Secretary of State John Kerry announced Friday that the United States will begin processing visa applications from same-sex spouses in the same preferential manner as applications from opposite-sex spouses, effective immediately.
Kerry announced the news from the U.S. Embassy in London, saying, "If you’re the spouse of a U.S. citizen, your visa application will be treated equally. If you’re the spouse of a non-citizen, your visa application will be treated equally."
“As long as a marriage has been performed in a jurisdiction that recognizes it, so that it is legal, then that marriage is valid under U.S. immigration laws, and every married couple will be treated exactly the same," he continued.
More on the change from the Washington Post:
Previously, all applications from adults seeking to enter the United States were considered individually unless the adults were an opposite-sex married couple. That was not the case for U.S. citizens who married their foreign partners in states or countries where same-sex marriage is legal and then sought to bring their spouses to the United States to work or live.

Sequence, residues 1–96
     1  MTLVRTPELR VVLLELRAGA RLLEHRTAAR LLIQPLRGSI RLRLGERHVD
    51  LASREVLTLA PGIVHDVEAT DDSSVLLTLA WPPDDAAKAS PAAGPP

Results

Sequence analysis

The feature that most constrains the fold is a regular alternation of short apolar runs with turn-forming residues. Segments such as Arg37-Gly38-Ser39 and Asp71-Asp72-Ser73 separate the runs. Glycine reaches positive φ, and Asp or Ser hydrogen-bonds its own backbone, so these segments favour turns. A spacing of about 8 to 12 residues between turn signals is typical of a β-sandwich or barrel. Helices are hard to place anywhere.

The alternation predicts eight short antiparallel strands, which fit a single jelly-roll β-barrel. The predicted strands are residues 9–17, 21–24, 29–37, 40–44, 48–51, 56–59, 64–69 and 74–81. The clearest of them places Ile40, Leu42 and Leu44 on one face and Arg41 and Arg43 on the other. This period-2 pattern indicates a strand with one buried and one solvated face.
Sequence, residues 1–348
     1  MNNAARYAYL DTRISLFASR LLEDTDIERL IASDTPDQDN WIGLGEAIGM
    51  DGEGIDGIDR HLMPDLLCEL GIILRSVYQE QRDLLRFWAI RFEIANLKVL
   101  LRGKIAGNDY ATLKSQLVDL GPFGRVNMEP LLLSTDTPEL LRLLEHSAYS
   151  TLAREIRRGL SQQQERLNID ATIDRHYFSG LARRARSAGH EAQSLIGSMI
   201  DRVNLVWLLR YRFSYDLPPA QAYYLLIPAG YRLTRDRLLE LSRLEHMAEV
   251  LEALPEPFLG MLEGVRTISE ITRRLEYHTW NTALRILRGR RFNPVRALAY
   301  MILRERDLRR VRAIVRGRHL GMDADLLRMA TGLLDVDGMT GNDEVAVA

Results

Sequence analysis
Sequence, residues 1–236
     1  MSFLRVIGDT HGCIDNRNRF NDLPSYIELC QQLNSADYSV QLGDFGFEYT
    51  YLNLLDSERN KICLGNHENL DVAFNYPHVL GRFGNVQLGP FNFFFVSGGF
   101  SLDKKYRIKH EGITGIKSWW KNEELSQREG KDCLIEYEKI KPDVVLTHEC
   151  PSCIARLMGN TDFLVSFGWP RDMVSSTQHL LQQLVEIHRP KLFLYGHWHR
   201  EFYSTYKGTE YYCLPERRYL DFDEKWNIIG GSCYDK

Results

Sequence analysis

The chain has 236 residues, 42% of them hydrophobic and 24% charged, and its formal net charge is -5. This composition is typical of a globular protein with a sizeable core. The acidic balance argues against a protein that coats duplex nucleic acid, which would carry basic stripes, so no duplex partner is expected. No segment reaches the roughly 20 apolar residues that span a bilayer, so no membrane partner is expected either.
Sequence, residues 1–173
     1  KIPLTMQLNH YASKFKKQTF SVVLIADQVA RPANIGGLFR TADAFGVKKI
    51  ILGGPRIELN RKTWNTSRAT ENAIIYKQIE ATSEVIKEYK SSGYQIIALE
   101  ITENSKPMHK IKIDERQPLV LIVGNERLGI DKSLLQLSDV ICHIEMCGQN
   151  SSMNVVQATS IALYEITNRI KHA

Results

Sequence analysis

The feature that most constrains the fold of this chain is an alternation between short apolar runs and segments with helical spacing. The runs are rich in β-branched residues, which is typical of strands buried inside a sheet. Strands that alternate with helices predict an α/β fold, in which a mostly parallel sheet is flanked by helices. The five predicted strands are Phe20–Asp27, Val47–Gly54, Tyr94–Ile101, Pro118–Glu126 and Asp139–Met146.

Married same-sex couples from the 15 countries with national laws in force legalizing same-sex marriage will be evaluated for visas together, as will same-sex applicants from states in Mexico that have legalized same-sex marriage. Mexico, like the United States, has legalized same-sex marriage only in some states.
The change also applies to couples applying in countries that do not legally recognize gay unions, Kerry explained: "If you are in a country that doesn't recognize your same-sex marriage, then your visa application will still be treated equally at every single one of our 222 visa processing centers around the world.